5 Signs You Should Start Weighted Calisthenics

Posted on October 12 2018

5 Signs You Should Start Weighted Calisthenics

If you’re reading this, then you might be wondering if weighted calisthenics is right for you OR you might be wondering what the heck weighted calisthenics is. I’m here to answer all of the following and give you three signs that it's time for you to add on some weight, and go beyond body weight.

You Have Mastered Your Bodyweight

     So...you're a pro at a lot of the calisthenics exercises. You learned your front lever, you learned your one-arm pull-up, you can do 90-degree handstand pushups, planche pushups all with your own natural body weight. You can do it all, and now you're just doing the same exercises over and over again, and you're trying to figure out the next step. Well, the next step will be to add weight to your calisthenic training. Doing this will actually make you even better at those advanced variations that you are already doing. Trust me, I've been there because I've mastered a lot of the advanced exercises that a ton of people want to learn within bodyweight training. And I honestly got bored of some of them, so I started implementing weighted calisthenics. So if you're in my shoes at all, then that's a sign that you should probably start too.

You Love Weighted Compound Movements

    This goes out to all my weightlifters out there, If you are watching this video. So if you happen to love the bench press, or the military press, or any other weighted compound movement, then weighted calisthenics will probably fit you well. I say this because the weighted calisthenics compound movements replicate weightlifting very, very well. For example, the weighted push-up is almost the exact same thing as the bench press. But instead of moving external weight away from you, you're pressing your body up, along with adding weight to you. So it won't feel like you're making a huge shift. You probably already do weighted pull-ups, because a lot of weightlifters already do that. But if you're not, then instead of lat pulldowns, you'll be doing weighted pull-ups. Point is if you're in the weightlifting community, and you tend to love the compound movements, more than likely you're going to enjoy weighted calisthenics.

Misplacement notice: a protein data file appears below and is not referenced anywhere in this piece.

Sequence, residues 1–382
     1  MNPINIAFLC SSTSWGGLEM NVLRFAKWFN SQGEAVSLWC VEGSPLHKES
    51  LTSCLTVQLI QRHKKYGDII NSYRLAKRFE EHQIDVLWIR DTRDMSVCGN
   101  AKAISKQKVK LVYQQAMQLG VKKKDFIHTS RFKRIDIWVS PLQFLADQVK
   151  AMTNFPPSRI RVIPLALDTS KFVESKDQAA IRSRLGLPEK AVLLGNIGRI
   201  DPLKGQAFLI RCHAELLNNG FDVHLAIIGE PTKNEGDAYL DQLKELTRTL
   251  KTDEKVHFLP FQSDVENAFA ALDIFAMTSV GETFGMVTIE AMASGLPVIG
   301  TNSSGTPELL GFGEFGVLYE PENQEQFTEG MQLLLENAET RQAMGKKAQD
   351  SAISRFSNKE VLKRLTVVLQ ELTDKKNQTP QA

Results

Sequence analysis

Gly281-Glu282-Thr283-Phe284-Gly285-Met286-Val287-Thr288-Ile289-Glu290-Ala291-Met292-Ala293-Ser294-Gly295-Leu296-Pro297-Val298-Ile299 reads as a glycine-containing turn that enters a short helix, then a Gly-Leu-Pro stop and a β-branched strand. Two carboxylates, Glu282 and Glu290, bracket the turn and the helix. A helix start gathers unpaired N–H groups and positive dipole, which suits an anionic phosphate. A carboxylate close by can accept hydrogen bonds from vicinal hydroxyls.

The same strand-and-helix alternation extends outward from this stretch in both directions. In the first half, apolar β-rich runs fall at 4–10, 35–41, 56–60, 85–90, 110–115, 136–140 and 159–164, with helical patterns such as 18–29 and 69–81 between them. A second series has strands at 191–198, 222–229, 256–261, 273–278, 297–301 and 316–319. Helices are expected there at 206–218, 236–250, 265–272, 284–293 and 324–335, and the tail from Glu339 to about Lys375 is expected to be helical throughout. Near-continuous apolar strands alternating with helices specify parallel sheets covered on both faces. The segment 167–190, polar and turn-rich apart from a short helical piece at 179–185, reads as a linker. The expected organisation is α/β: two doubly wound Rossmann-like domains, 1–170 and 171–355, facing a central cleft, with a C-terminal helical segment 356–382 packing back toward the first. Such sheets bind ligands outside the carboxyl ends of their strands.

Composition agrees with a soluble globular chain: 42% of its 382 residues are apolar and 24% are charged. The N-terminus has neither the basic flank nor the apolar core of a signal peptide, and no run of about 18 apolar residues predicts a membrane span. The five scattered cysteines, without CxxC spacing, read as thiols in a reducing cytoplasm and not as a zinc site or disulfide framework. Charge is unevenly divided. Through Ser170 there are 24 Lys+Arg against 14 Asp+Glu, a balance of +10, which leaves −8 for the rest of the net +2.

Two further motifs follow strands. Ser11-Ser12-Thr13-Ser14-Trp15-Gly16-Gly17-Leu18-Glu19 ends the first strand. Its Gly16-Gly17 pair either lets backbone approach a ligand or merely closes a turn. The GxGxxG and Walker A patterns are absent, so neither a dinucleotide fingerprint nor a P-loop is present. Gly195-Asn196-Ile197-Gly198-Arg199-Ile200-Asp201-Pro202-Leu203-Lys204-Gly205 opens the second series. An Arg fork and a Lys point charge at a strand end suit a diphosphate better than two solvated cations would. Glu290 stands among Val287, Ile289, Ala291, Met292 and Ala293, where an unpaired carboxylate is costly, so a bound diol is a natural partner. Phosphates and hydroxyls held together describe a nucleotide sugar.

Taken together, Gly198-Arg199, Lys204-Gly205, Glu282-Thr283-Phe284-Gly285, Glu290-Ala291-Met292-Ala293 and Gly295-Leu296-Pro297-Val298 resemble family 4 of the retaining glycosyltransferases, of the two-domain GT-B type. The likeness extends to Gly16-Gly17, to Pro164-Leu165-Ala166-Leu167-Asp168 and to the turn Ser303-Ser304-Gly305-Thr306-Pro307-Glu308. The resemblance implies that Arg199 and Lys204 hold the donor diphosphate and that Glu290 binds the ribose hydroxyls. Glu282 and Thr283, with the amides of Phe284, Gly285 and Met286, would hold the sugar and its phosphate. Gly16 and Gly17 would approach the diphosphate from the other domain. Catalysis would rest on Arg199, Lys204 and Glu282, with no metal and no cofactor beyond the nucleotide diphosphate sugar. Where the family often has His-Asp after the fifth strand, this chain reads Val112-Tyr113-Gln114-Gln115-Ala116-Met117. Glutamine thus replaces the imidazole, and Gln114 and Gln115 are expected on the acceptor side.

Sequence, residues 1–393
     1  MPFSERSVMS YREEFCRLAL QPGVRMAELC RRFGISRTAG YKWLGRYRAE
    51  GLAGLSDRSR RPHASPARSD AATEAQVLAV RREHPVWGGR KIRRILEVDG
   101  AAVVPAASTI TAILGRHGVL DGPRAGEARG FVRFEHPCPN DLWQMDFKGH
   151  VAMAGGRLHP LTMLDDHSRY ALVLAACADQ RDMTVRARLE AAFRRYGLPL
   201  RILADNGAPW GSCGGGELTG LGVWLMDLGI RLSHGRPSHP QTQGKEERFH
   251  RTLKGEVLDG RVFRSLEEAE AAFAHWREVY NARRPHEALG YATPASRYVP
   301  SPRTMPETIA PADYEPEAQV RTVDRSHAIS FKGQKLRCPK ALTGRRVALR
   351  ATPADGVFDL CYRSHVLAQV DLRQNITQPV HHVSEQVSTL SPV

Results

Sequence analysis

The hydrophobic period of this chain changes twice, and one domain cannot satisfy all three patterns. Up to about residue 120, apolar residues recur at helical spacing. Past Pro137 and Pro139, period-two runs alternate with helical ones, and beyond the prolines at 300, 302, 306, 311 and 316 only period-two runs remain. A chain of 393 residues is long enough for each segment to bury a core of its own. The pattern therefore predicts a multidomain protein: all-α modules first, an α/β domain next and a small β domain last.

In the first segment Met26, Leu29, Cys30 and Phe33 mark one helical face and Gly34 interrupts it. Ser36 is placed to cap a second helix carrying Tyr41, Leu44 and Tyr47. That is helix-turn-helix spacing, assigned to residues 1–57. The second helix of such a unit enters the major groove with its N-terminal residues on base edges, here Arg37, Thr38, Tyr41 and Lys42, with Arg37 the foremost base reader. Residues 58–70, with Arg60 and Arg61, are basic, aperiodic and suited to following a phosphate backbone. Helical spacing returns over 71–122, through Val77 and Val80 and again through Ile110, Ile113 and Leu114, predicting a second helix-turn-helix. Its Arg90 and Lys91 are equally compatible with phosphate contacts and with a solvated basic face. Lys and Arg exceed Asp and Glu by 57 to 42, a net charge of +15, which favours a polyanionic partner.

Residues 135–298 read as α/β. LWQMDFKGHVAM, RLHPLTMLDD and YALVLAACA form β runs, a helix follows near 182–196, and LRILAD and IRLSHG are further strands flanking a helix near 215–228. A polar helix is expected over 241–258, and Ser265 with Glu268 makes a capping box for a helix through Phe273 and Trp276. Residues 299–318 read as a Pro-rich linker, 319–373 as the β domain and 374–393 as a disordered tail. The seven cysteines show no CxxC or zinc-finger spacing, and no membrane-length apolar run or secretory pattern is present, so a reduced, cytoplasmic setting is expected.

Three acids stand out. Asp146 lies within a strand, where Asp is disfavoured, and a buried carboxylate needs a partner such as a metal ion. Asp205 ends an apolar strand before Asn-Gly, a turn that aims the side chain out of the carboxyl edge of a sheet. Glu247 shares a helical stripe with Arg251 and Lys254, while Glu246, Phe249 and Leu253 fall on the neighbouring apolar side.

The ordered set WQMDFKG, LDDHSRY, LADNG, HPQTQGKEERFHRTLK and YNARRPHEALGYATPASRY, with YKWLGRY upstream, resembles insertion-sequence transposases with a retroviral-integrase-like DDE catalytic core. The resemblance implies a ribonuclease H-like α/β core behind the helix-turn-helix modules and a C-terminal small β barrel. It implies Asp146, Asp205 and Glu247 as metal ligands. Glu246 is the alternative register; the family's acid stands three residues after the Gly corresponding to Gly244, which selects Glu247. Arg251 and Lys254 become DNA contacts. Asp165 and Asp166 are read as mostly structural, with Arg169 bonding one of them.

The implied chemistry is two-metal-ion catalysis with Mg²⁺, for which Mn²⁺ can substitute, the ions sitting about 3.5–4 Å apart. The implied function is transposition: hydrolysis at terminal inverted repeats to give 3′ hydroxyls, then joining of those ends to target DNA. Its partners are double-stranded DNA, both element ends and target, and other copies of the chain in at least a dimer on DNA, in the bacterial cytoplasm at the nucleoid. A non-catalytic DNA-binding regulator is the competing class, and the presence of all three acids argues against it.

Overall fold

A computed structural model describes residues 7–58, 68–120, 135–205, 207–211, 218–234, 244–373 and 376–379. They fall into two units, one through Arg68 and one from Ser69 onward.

You Aren't Building Enough Muscle With Only Bodyweight Movements

         I know a lot of calisthenics practitioners when they get into calisthenics, that's the only thing they tend to do. They're like "Screw weightlifting. I'm just sticking to bodyweight only." But the thing is, they expect to build a ton of muscle with it very, very fast, as if they're weightlifters. That's not true. Why? Because calisthenics focuses more on neurological adaptations to make your body stronger in doing a certain movement. We can actually see that a lot of calisthenics athletes compared to weightlifters, they are very, very skinny, but they're also really strong, and they have no muscle mass. If you want to build more muscle, while also having that strength, such as myself. I figured out a way how to build muscle while focusing on skills and getting those neurological adaptations. Now, if you're in that same boat, that's a sign that you probably want to start including weighted calisthenics within your routine, and kind of switch it up from just doing bodyweight only. Lucky for you, my new weighted calisthenics program, Beyond Bodyweight is available and teaches you all the skills and knowledge you need to know about adding weight to your calisthenics training.


 You Want to Get Better at Bodyweight Movement

    If you're able to do weighted pull-ups with two, three, four pounds attached to your body, then more than likely you definitely have the strength of performing a proper one-arm pull-up. Now, on the other hand, if you're able to do a pseudo-planche push-up with a 45-pound plate on your back, and do that for proper form, then you're probably going to be able to progress to the full planche push-up even faster. So weighted calisthenics is definitely a good supplement to your bodyweight training if you don't want to dive head-first within weighted calisthenics. If you really are focused on bodyweight only, then try weighted calisthenics out to help supplement your bodyweight training, so that you can get even stronger in those movements.

You Have Access to a Gym

    A lot of calisthenics people tend to train at parks or places where, literally, you're only limited to your bodyweight. Some may even train at home where all they have are the double dip bars and a pull-up bar, right? But if you're in a situation where you love to train at the gym, such as myself, or you have a gym that you have access to, then it is simply a no-brainer to start trying weighted calisthenics or start implementing a little bit within your workout routines. Really, you're already there, the weight is there, the chain belt you have access to through AD Workout, and you have all the resources available to you, so why not just take a step and make even better progress, not only in your physique but also in your strength.

1 comment

  • Kieran : November 03, 2018

    I have been training for 6 months and trying to achieve hypertrophy. I can do 60 push ups in a row, 15 pull ups, I don’t have a access to a gym, so I put a ton of books in my bag and do them just like that! Next year, I’ll focus my training on skill works, as i don’t really focus on fancy movements right now, such as the planche, front lever and muscle ups.

    Thanks for all the advice

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